Mark Ravenhill writing in The Guardian,
Monday October 27 2008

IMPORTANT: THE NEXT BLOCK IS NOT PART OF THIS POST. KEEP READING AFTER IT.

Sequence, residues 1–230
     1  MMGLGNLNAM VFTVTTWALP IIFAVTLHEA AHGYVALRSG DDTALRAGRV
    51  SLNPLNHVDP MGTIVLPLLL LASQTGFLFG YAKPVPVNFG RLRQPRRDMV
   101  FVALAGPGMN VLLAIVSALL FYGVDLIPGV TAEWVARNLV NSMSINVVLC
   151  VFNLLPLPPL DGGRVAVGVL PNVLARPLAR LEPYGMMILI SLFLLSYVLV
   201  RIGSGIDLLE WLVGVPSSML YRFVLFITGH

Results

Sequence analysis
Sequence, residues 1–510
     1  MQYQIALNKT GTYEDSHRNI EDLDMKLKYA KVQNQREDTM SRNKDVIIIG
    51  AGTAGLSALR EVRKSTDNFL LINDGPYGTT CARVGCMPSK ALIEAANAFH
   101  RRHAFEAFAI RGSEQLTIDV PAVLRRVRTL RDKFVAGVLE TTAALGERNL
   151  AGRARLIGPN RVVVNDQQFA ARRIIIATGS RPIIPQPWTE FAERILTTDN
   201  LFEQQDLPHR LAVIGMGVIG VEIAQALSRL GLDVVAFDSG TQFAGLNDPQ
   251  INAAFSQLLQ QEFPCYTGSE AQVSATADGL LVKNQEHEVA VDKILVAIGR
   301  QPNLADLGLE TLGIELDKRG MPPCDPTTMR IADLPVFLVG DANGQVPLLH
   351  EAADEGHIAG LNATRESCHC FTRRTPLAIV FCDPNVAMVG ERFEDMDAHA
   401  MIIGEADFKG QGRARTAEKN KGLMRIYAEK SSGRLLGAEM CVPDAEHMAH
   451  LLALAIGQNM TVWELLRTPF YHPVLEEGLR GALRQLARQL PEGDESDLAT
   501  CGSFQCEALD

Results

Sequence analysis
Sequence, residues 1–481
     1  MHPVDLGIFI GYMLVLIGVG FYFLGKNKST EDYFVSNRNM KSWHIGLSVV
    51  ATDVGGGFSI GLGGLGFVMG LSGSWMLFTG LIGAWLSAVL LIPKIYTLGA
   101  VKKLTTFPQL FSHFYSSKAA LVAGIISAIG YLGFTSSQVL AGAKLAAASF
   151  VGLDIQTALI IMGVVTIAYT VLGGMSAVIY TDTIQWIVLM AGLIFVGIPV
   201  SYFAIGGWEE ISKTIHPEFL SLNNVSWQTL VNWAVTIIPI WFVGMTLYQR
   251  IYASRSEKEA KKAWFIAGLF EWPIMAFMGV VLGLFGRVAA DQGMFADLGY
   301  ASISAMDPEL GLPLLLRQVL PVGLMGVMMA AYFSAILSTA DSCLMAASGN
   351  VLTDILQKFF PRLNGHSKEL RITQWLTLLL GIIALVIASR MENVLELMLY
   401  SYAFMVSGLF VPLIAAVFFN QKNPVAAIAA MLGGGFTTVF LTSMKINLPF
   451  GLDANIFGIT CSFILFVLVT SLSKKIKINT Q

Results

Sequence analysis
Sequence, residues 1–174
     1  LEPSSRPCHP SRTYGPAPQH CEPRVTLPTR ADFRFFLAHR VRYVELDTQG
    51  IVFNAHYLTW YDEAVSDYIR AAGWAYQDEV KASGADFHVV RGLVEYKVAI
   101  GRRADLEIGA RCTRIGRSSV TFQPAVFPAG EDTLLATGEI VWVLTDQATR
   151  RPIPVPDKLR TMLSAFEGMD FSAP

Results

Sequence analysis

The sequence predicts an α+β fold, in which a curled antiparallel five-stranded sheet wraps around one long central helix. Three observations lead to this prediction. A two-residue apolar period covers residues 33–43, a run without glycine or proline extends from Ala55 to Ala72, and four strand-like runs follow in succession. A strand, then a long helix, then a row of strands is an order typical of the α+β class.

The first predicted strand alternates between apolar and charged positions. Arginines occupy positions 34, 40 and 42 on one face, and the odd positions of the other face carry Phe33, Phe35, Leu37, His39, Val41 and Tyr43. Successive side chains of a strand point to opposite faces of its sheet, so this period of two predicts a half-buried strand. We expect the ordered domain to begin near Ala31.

Although the image is carefully posed, in the manner of late 19th-century photography, it manages to convey the nervous excitement in the room. Chekhov was a celebrated short-story writer, but the first production of The Seagull, produced by another company, had been very badly received. So there's everything at stake for him in the moment he's caught by the lens. Will his play be consigned to the remainder bin of drama, or will his bold break away from the era's melodrama be vindicated? The actors of the newly formed company know, too, that this is an important moment. The reading could reveal an authentic new Russian voice that will justify their new theatre and working methods. Or they could be saddled for months performing another play that doesn't quite work.